The simplest and most straightforward answer is investments in strengthening the grid. Bloomberg’s Rachel Morison writes that global investments in grid infrastructure could rise to $28.7 trillion by 2050 assuming a triple increase in renewable power generation capacity and a 60-percent boom in electricity demand. These assumptions are quite safe: the drive to lower humankind’s carbon footprint is, in fact, a drive to electrify everything that can be electrified, so demand will increase as a consequence of that. How smart the “Electrify all” call is, however, is a different question.

“The risks for power consumers are rising as the typical home electrifies an increasing share of its energy consumption,” Sanjeet Sanghera, a BloombergNEF analyst, told Bloomberg’s Morison. “You are putting all your eggs in one basket.”

While it is one of the wiser rules in life that you should not put all your eggs in one basket, the dominant narrative among politicians seems to be that we have no other basket left but the electrification of everything. This means that we need to brace for the costs. Europe alone will need to spend $4.9 trillion on its grids, Morison notes, adding that as much as 45 percent of this investment will be used to strengthen the already existing infrastructure.

In addition to strengthening the centralized grid, there is also a solution in boosting the share of distributed power systems, according to experts. This would alleviate the consumption load on the grid, potentially reducing the risk of overloads and outages. It might also reduce—slightly—the size of investments that need to be made in new transmission infrastructure to connect new solar and wind installations to the grid.

“When our energy systems are pushed to their limits, through extreme weather changes as in both of these cases, and power generation sources are taken offline, the impact is felt at much greater scale,” IPG’s Gill told Oilprice. “If however, we have more segmented/distribution power sources, we lower our reliability on fewer large power sources, therefore reducing the number of towns and people affected when one or more of these go offline.”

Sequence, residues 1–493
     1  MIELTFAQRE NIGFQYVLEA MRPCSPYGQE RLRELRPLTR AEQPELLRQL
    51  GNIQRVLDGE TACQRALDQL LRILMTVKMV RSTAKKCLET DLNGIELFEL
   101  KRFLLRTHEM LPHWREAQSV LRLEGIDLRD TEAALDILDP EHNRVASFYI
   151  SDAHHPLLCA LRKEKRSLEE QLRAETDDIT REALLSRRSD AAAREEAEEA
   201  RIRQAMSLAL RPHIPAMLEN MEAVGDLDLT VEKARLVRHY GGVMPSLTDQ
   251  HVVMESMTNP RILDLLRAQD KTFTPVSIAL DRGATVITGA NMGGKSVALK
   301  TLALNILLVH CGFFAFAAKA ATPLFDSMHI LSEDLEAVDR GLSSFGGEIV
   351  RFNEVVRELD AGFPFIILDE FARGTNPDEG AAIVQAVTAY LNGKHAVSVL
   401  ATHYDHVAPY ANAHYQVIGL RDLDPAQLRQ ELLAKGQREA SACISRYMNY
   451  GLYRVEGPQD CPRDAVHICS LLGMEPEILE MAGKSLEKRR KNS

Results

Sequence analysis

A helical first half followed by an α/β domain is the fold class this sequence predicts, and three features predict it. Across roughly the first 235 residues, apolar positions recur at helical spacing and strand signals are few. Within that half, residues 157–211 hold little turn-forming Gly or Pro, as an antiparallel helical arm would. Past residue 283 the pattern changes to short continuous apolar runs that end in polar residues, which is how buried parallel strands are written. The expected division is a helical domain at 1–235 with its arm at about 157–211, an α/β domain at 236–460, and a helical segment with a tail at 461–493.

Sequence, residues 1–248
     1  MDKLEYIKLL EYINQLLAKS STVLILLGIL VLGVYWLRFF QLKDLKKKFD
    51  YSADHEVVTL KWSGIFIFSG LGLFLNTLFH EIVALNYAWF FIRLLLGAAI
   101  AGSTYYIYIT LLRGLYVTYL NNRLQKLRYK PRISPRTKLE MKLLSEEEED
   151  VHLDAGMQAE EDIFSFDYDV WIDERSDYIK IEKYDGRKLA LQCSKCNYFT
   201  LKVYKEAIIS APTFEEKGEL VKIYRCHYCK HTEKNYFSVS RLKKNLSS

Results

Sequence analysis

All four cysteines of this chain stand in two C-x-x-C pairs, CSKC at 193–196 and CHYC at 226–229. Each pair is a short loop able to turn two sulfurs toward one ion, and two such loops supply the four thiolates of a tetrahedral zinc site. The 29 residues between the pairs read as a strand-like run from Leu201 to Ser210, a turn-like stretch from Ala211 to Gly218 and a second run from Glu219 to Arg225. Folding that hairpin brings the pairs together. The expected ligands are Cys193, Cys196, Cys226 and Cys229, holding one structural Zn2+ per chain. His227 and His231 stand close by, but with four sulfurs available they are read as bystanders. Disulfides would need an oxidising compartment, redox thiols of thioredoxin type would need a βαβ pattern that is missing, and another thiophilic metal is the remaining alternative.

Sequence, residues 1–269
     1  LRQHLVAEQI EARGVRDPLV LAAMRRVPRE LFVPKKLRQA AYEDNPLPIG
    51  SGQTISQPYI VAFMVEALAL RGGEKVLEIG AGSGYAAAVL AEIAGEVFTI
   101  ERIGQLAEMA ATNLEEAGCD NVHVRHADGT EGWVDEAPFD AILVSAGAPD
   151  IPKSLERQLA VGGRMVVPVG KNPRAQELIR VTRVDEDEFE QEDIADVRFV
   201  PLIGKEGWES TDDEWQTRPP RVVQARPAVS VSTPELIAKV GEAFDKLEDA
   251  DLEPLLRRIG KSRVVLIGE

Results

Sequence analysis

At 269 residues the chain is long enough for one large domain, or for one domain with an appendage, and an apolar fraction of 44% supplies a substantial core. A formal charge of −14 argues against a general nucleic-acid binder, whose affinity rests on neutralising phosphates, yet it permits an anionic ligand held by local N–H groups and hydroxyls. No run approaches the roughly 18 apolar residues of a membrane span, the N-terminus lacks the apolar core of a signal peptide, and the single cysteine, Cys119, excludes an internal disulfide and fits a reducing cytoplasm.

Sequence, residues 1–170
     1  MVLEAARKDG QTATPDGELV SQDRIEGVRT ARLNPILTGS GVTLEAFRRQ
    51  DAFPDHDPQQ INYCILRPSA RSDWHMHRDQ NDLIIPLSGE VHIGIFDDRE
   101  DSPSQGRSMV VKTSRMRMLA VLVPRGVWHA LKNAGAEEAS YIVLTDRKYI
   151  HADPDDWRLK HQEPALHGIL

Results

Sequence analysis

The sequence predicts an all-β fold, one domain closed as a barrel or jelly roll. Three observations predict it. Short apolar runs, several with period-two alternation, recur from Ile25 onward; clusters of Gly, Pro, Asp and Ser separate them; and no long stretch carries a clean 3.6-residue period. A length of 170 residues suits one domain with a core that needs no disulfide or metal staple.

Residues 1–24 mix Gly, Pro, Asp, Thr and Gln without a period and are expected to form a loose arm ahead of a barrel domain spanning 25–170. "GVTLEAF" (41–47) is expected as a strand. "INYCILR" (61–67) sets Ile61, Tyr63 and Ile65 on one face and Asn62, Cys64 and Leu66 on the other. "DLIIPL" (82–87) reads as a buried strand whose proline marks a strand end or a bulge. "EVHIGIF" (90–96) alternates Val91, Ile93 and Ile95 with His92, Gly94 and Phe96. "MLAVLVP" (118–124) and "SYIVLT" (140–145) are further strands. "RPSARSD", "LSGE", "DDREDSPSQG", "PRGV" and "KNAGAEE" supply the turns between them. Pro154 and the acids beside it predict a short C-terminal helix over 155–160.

“Reliability and resilience – even in the face of extreme events – is achieved through diversity, redundancy, and modularization. Co-locating energy supply with demand through microgrids and other DERs [distributed energy resources] is an important step in preventing widespread crises like this in the future,” according to Mark Feasel, Smart Grid president, Schneider Electric North America.

“In both cases [Texas and California], the strain could have been reduced with distributed resources, such as batteries and solar, as well as demand response tools, like smart thermostats with utility control,” says K.C. Boyce, vice president of human insights firm Escalent’s energy division. “However, Texas has limited distributed resources and demand response, and while California has lots of distributed resources, it doesn’t have a good way of coordinating those resources, nor does it really have demand response tools to call on.”

So, it seems that decentralizing the grid could go quite a long way towards reducing risks and ensuring a stable power supply. Of course, it will also cost money. But with the right incentives, this kind of investment might be more palpable for consumers than higher electricity bills because utilities are centrally strengthening the grid. In any case, one thing is clear, and it is that grids, as they are at the moment, will not be able to cope successfully with the changes in the energy mix.